“the research method proposed is most likely to produce satisfactory results”.

My noble friend said:

“That is too high a standard for any research project”.—[Official Report, 3/12/07; col. 1544.]

Again, that opens a clear difference between my noble friend and me on those previous amendments, as well as this one.

This amendment would allow human embryos to be made using gametes or cells from a child without their consent. How would the non-consenting child feel in later life once they realised that they were made a mother or father at an age too young to give consent, even if the embryo was destroyed by 14 days? Not many of us would want to know that our gametes had been taken, without our having any understanding of it, to make interspecies embryos or human embryos on our behalf and without our consent. No one has the right to take that decision on behalf of others. I feel that this is going too far.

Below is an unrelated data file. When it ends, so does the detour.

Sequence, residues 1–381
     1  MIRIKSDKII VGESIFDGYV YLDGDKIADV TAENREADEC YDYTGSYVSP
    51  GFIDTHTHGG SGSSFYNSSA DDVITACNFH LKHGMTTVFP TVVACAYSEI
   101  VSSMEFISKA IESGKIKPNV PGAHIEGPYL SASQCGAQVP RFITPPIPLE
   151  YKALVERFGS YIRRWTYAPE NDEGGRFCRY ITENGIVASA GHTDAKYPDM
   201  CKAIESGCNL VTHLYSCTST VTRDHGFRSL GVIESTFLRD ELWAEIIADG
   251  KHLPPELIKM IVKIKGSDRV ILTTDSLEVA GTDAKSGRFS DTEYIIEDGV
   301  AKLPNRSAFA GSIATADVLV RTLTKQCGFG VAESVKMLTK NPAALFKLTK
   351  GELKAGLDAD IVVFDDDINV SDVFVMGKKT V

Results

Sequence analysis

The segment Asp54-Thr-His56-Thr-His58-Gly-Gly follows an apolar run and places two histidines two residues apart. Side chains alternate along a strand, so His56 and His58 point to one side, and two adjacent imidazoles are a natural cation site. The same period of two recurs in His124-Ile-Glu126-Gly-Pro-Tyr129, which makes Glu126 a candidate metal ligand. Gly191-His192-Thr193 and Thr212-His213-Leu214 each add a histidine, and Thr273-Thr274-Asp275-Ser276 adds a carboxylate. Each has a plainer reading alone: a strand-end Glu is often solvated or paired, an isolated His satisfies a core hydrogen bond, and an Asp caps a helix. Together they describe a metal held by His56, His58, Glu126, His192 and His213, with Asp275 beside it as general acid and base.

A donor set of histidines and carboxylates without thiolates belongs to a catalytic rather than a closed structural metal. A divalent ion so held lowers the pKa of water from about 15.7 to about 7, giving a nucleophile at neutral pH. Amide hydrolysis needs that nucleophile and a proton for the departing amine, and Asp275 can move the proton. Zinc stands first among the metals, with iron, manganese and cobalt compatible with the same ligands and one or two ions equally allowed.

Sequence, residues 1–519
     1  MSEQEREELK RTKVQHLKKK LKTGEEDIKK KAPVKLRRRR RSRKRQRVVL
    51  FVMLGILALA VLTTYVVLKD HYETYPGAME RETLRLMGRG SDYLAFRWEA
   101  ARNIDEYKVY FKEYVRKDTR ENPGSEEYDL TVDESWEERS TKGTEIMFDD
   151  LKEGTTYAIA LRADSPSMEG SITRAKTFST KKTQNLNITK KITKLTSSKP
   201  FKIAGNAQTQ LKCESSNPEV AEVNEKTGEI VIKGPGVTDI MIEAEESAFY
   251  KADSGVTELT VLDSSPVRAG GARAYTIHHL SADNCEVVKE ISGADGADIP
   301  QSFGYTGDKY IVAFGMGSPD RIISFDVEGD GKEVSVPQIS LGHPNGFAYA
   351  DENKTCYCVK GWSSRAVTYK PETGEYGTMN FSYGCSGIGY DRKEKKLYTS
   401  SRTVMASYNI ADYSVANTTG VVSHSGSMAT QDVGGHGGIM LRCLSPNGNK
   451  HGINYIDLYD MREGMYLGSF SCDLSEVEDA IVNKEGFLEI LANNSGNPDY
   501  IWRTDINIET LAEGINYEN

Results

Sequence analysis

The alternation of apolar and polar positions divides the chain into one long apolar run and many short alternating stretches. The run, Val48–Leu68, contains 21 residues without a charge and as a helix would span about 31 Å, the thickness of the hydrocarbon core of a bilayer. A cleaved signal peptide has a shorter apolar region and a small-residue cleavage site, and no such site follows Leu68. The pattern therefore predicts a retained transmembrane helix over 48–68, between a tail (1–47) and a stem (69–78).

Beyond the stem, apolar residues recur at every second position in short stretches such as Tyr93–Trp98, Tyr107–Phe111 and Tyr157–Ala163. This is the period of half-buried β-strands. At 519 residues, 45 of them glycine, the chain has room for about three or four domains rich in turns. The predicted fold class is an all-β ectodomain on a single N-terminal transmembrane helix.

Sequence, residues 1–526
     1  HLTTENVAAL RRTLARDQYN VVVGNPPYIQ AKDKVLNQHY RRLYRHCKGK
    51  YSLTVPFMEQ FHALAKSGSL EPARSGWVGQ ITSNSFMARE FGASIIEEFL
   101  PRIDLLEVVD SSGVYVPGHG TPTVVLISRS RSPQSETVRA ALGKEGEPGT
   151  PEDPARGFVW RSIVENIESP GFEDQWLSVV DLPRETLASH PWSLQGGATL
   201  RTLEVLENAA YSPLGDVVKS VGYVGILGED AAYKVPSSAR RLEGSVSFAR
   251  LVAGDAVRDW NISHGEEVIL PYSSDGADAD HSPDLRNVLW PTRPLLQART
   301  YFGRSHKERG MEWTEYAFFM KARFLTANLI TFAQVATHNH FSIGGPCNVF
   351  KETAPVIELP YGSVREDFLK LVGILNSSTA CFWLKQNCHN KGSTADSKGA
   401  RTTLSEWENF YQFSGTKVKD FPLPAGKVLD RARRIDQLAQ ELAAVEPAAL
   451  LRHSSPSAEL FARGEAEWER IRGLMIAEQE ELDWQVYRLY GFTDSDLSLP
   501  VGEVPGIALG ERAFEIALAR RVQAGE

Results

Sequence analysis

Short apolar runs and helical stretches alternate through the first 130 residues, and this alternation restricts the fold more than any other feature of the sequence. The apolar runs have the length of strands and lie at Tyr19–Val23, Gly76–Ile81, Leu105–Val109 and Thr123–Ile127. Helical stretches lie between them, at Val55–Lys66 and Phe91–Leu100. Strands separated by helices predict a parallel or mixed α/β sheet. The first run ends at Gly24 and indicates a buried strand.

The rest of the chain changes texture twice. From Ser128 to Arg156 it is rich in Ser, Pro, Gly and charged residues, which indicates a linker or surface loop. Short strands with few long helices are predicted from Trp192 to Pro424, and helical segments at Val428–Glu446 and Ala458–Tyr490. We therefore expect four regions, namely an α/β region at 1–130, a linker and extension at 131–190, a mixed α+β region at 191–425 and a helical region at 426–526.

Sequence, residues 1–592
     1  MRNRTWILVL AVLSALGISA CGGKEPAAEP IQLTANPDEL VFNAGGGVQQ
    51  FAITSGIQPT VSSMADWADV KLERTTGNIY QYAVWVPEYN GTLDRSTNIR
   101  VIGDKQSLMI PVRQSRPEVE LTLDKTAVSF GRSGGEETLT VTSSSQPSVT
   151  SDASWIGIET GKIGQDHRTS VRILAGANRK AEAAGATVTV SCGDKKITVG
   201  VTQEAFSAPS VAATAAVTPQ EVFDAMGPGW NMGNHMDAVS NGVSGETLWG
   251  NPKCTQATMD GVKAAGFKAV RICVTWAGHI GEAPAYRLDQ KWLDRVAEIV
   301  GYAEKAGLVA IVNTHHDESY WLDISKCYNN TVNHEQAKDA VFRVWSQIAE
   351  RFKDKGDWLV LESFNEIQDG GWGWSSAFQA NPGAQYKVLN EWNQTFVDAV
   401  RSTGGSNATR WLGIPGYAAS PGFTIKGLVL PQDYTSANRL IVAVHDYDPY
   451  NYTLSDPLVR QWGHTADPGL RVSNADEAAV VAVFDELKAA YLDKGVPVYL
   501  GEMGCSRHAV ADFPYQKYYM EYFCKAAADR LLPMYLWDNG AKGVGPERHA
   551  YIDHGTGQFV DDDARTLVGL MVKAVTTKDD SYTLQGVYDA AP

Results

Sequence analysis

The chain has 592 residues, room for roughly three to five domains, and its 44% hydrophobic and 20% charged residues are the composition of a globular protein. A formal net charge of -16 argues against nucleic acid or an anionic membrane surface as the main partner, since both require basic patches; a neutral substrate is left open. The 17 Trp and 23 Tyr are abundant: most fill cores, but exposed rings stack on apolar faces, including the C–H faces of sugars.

There are echoes here also of an application made more than a decade ago by an Edinburgh scientist, Roger Gosden, who sought permission from the HFEA to use the eggs of aborted baby girls for fertility treatments. The HFEA did not demur. It embarked on a public consultation on whether a little girl would be aborted and then robbed of her eggs from her ovaries. A woman is at her most fertile at 20 weeks’ gestation, when she has 5 million eggs in her womb, 4 million of which are shed naturally before birth. An aborted girl could be seen as a rich source of organs and tissues.

You can face a prison sentence for stealing the eggs of certain rare birds in Britain. Are birds to have greater protection in law than children when it comes to taking their gametes?